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Travers Smith posts perfect 100% retention score

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All 21 qualifying trainees staying put

City outfit Travers Smith has unveiled a perfect 100% autumn retention score.

The firm — which has just two offices, London and Paris — today confirmed that all 21 trainees due to qualify this September had put pen to paper on permanent deals.

Six soon-to-be associates will join Travers’ private equity team, while corporate finance will receive four and dispute resolution two. Environment and operational risk; financial services and markets; finance; derivatives and structured products; tax; incentives and remuneration; investment funds; real estate; and commercial, IP and technology will gain one newly qualified lawyer (NQ) each.

As can be seen in Legal Cheek’s Most List, Travers NQs will start on a salary of £75,000, putting them on a pay par with their opposite numbers at a host of City players including Baker McKenzie, DLA Piper and Hogan Lovells. Travers’ trainees currently earn £43,500 in year one, rising to £49,000 in year two.

The 2018 Firms Most List

Travers — which offers up to 25 training contracts annually — is traditionally a strong retention performer, regularly posting results of 90% or above. In the last three rounds, the firm has marked up scores of 90% (18 out of 20), 94% (17 out of 18) and 94% (17 out of 18).

Today’s retention result comes on the back of an impressive set of financials. Earlier this month, Travers reported a 17.5% increase in turnover to reach £146 million, while profit per equity partner (PEP) swelled to £1.2 million — an uplift of 24.3%.

In our Trainee and Junior Lawyer Survey, the firm secured A*s in four categories including training and partner approachability, and bagged the gong for ‘Best Law Firm for Peer Support’ at the Legal Cheek Awards earlier this year.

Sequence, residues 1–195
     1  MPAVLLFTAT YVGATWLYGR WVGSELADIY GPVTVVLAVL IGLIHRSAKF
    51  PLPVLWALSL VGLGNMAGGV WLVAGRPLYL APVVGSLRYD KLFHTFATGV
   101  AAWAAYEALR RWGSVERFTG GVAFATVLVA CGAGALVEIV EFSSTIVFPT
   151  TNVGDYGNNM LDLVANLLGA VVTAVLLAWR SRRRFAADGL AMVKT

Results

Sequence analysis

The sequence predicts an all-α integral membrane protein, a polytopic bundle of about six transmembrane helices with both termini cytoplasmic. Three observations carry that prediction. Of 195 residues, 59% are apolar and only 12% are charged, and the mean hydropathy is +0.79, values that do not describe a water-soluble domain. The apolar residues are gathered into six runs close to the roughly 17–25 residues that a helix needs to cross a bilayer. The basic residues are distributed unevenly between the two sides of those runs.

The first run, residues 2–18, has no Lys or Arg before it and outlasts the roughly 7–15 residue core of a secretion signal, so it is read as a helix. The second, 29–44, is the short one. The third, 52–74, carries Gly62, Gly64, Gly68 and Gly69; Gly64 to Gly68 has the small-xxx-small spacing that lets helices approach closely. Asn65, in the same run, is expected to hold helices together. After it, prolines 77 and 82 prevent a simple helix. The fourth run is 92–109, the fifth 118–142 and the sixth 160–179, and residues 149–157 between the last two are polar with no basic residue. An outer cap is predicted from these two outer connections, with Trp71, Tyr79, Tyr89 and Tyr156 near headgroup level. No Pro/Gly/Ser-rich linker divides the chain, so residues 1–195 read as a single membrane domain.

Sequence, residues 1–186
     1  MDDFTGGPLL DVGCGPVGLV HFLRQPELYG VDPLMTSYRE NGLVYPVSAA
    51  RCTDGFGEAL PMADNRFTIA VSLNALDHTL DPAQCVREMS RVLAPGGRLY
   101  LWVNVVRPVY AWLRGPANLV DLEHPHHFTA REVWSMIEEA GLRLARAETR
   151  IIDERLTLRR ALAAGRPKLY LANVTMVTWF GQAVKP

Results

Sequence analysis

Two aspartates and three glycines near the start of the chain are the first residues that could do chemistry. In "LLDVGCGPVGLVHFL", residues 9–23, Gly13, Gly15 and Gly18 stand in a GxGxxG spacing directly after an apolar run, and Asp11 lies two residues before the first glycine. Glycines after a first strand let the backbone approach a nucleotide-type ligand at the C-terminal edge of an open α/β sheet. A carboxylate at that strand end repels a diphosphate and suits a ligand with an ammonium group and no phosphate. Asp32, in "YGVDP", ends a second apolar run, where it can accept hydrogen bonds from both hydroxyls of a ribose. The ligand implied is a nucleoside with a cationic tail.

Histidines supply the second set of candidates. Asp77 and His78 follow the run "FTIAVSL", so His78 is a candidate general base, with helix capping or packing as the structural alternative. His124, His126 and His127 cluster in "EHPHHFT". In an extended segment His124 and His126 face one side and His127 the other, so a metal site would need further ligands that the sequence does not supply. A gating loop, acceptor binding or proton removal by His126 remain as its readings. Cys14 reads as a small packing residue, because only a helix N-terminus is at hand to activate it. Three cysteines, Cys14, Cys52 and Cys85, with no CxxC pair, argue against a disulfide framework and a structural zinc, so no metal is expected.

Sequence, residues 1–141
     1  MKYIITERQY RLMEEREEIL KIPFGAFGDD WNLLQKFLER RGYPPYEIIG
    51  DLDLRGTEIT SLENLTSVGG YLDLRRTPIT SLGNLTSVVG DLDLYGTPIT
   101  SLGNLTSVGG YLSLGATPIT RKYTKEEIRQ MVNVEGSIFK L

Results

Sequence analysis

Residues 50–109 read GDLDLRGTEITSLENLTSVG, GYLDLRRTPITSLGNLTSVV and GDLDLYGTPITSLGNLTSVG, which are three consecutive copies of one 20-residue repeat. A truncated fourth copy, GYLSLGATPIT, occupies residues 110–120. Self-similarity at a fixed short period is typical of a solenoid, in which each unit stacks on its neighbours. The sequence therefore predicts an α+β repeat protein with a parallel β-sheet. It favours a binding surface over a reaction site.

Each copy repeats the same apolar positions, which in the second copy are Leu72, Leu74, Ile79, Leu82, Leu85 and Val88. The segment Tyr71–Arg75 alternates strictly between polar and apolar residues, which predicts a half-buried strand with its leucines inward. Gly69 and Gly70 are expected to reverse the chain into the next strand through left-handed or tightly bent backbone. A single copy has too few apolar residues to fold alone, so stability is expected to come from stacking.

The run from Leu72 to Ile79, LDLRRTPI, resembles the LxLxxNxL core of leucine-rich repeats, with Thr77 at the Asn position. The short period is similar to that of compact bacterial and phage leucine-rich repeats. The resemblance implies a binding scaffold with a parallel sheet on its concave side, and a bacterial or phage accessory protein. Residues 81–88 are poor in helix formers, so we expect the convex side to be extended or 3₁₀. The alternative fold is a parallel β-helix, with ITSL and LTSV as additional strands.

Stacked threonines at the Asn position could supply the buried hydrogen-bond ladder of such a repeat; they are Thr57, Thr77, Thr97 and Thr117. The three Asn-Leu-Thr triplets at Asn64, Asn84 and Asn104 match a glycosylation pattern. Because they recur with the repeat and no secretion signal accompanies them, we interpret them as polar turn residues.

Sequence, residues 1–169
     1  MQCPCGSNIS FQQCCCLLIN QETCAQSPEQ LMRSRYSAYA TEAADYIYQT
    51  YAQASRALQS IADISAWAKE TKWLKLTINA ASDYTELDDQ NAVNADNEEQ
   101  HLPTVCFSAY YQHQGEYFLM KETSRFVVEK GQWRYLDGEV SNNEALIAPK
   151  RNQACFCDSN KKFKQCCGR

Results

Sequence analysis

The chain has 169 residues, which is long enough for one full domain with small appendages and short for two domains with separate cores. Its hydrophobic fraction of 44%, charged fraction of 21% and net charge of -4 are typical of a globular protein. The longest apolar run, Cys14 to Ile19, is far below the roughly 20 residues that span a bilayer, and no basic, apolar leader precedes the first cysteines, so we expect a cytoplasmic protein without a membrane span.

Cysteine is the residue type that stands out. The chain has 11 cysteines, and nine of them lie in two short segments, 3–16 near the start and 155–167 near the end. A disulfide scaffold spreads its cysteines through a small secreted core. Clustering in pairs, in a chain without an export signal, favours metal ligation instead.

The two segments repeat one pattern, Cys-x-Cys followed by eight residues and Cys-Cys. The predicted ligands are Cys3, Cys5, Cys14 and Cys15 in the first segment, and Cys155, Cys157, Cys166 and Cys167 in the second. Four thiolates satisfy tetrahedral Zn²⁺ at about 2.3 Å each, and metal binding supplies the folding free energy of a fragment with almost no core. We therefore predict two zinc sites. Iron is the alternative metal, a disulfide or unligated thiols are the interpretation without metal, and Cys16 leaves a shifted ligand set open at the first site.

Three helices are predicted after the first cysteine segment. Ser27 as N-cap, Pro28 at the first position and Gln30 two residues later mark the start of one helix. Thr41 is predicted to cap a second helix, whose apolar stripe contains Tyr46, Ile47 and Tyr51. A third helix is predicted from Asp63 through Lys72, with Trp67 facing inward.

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21 Comments

Anonymous

Very impressive. Good batch. Wrap them up in cotton wool. Just cotton wool. Precious.

(6)(3)

Anonymous

Surprised they weren’t snapped up by TOP £ MONEY $ US € LAW ¥ FIRMS

(13)(7)

Anonymous

The recruitmet market is tough at the moment. Anyone who receives an offer is well advised to take it.

(5)(1)

THESE B!TCH A$$ EQUITY PARTNERS ARE CHEAP

WHEN WILL FIELDFISHER RAISE NQ SALARIES DAMNIT

(4)(1)

Anonymous

DWF have to the mid-sixties region

(0)(0)

Anonymous

Good stuff! I am a soon to be trainee at the firm Hogan Lovells. I have great fascination with debt capital markets and banking litigation since I was 3. Do you think if I work hard, specialise in a high value area and perfect my interview technique that I could move to a big US shop like Kirkland/Cleary/Latham? Genuine question no trolls

(10)(12)

Anonymous

It’s not funny when you name a very good international outfit. Shows you know very little about the legal profession, but good attempt at a well used legal cheek joke!

(31)(2)

Infrastructure guru

I dealt with your shop recently. Some of your colleagues are absolute jokers. Feels like I was talking to a call-centre employee. Vindicates my decision not to apply for a job there years back, it’s not a good brand to have on your CV. Like putting a giant sh#t stain on the front page, or admitting to kiddy fiddling in the hobbies section.

(11)(3)

Anonymous

HL or IM?

(0)(0)

Anonymous

Can only be IM.

(10)(0)